Mission Therapeutics awarded research grant from MJFF

Collaborative team to progress novel USP30 inhibitors to develop potential therapies for Parkinson’s disease

The namesake of the foundation, actor and activist Michael J. Fox

Mission Therapeutics has been awarded a grant from the Michael J. Fox Foundation for Parkinson’s Research (MJFF).

The company works in drug discovery and development, focused on selectively targeting deubiquitylating enzymes (DUBs) to treat neurodegenerative diseases, cancer and other diseases with high unmet medical need.

This research grant will support the testing of Mission Therapeutics’ potent and selective USP30-targeted inhibitors in translationally relevant stem cell-derived Parkinson’s disease models.

The models were developed by Professor Richard Wade-Martins and his research group at the University of Oxford.

Parkinson's

Parkinson's disease is a chronic, degenerative neurological disorder that affects one in 100 people older than age 60. There is no objective test, or biomarker, for Parkinson's disease, so the rate of misdiagnosis can be relatively high.

Estimates of the number of people living with the disease therefore vary, but recent research indicates that at least one million people in the US, and more than five million worldwide, have Parkinson's disease.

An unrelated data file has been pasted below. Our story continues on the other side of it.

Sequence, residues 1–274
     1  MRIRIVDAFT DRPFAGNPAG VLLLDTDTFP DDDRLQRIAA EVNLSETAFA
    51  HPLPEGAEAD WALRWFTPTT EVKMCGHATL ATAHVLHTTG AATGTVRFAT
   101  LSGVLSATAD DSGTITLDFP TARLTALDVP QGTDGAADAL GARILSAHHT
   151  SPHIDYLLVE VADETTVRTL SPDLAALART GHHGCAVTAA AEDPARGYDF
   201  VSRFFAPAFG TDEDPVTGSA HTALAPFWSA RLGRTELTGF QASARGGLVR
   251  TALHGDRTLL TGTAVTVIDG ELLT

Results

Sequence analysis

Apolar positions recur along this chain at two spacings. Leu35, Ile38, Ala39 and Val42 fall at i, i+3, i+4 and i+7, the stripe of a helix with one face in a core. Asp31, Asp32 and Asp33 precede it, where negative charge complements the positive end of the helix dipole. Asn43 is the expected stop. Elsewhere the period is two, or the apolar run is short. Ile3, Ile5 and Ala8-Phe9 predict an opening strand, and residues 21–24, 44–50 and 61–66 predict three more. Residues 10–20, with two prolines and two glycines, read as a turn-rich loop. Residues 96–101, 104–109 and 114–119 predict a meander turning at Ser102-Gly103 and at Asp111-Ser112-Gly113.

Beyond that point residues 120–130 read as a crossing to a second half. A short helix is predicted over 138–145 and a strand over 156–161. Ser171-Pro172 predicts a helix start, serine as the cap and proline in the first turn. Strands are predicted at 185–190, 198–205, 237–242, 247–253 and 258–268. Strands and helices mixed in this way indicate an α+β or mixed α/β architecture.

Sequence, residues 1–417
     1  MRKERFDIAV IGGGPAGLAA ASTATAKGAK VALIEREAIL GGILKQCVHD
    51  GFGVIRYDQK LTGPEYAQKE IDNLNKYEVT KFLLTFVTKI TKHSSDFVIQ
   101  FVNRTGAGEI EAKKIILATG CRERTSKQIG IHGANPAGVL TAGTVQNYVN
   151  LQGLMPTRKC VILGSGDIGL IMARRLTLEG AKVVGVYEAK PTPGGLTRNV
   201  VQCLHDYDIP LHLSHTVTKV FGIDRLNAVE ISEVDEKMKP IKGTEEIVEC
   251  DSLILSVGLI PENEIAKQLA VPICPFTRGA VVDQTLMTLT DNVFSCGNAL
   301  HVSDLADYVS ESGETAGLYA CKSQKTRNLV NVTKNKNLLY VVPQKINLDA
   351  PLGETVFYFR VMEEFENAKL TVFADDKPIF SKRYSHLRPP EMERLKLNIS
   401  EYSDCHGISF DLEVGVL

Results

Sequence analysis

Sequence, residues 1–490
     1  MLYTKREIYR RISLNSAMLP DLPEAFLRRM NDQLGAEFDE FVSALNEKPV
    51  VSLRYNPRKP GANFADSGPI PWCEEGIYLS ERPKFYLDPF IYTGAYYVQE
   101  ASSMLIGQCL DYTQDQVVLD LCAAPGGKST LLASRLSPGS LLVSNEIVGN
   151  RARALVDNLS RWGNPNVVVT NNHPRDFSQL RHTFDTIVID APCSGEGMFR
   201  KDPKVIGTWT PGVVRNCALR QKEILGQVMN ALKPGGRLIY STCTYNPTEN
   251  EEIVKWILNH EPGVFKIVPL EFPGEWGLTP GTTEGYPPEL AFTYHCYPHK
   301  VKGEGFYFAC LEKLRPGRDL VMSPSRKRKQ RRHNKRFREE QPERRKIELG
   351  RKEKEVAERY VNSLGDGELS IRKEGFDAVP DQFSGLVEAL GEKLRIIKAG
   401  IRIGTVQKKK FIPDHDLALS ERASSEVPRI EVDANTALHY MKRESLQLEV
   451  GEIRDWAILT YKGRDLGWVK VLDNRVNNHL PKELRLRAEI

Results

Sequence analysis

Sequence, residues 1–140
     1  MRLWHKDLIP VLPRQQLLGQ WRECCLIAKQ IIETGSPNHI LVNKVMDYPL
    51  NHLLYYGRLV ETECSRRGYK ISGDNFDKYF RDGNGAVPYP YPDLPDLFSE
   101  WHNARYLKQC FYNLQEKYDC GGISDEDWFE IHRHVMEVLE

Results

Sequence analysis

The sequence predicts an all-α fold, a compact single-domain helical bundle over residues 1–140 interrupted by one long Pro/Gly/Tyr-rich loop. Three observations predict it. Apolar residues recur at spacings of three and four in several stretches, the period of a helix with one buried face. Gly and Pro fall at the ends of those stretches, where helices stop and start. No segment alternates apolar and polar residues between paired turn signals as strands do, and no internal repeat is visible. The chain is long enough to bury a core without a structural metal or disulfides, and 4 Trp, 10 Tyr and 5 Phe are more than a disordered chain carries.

USP30

USP30, a mitochondrial associated DUB, has been implicated in the control of mitophagy – a process where dysfunctional mitochondria are selectively cleared from the cell.

Failure of mitochondrial quality control may lead to degeneration of the highly active substantia nigra neurons in the brain, a pathological mechanism which results in Parkinson’s disease.

The inhibition of USP30 is being studied by Mission Therapeutics to see if this promotes mitophagy and thus improves cellular resilience in this and other neurodegenerative diseases.

The objective of the research collaboration with Professor Richard Wade-Martins is to test Mission’s potent and selective USP30 inhibitors in a range of disease models – induced Pluripotent Stem Cells (iPSC)-derived from patients with sporadic and familial Parkinson’s disease.

Shalini Padmanabhan, Associate Director of Research Programmes at MJFF, said: “USP30 is one of the more promising DUBs associated with mitophagy, in terms of published data and feasibility of compound development.”

“We hope that this collaboration will promote our understanding of the mechanisms and consequences of USP30 inhibition in Parkinson’s disease.”

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